Ability to Overcome Behavioral Biases

With several Nobel prizes awarded to behavioral economists for their work in identifying persistent human biases, you would think that each of us is improving our investment performance. Sadly, behavioral finance is essentially a diagnosis without a prescription. This is confirmed by a 2014 survey of CFA Institute Financial NewsBrief readers that found that 56% of respondents had failed to successfully implement behavioral finance in their practices. In fact, when asked what could be done to overcome behavioral biases at the 65th CFA Institute Annual Conference in 2012, the grandfather of behavioral economics, Daniel Kahneman, replied, “Very little; I have 40 years of experience with this, and I still commit these errors. Knowing the errors is not the recipe to avoiding them.”

Yet meditation can help practitioners overcome even racism and ageism. Furthermore, several direct tests show that meditation can counteract many of the biases identified by behavioral economics and can improve performance tremendously.

Increasing Ethics

Dan Ariely and other researchers have demonstrated that there are few egregious liars and cheaters in society. Instead, most of us cheat just a little bit. Of course, in the aggregate, this amounts to a far greater problem than that created by the proverbial “bad apple.” Our business frequently presents us with ethical dilemmas that we attempt to address through codes of ethics. Sadly, codes of ethics have been shown to be of limited benefit in preventing the very violations they are designed to protect against. Yet meditators, studies show, tend to behave more ethically — not because they are told they should, but because they want to.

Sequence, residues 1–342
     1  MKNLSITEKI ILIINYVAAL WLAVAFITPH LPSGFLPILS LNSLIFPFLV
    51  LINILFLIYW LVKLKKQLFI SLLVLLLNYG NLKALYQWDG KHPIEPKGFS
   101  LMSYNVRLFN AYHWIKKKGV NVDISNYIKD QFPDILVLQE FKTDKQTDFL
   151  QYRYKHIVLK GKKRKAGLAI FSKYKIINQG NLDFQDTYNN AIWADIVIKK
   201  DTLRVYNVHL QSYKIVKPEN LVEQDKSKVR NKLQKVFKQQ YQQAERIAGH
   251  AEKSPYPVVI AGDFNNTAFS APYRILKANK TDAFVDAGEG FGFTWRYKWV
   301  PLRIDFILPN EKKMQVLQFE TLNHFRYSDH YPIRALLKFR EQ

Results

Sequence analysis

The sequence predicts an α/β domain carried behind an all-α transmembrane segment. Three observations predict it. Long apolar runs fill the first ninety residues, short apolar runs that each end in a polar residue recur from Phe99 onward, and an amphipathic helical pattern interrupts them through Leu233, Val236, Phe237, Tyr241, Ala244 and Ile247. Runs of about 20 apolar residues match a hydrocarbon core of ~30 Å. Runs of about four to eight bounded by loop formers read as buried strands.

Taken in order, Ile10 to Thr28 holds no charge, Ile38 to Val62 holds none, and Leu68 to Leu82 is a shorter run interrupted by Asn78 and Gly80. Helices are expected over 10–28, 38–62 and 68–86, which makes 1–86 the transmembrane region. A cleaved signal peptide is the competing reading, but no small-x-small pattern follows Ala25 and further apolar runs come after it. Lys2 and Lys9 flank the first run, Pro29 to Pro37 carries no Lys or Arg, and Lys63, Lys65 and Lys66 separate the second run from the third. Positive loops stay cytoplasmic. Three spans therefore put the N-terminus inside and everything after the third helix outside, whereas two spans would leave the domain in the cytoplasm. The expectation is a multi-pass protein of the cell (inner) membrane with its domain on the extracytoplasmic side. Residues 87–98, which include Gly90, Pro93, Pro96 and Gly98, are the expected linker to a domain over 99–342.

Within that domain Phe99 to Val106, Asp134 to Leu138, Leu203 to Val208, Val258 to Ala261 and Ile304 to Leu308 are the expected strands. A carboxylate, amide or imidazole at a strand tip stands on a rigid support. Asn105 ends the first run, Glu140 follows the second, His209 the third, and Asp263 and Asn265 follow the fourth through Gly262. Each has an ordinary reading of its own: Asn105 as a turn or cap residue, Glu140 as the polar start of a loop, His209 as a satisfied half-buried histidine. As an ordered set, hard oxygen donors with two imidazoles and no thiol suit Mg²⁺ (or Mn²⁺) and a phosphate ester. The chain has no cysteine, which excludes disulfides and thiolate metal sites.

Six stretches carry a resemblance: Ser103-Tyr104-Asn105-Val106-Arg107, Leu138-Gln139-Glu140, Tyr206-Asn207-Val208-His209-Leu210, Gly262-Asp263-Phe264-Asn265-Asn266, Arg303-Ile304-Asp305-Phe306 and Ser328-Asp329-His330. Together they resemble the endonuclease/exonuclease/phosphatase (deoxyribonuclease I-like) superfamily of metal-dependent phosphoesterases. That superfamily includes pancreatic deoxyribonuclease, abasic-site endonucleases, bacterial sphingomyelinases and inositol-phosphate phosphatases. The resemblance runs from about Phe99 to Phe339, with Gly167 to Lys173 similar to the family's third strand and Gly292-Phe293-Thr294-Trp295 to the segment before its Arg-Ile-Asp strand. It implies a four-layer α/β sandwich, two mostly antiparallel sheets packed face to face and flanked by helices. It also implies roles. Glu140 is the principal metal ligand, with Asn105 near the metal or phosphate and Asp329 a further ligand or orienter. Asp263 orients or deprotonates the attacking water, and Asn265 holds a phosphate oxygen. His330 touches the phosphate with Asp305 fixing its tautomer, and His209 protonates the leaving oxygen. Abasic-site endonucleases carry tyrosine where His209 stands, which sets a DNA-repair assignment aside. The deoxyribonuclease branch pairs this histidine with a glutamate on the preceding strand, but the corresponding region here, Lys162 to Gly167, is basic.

It Is Time to Start!

Given meditation’s many proven benefits for investment professionals and its exceptionally low cost, the question isn’t, “Why aren’t you meditating?” It is, “When will you start?” To that end, CFA Institute has spent the last three years comprehensively researching and developing a program for our members. Look for it in the next several months.

If you would like more information on meditation for investment professionals, join the new CFA Institute Members Meditation Group on Linkedin.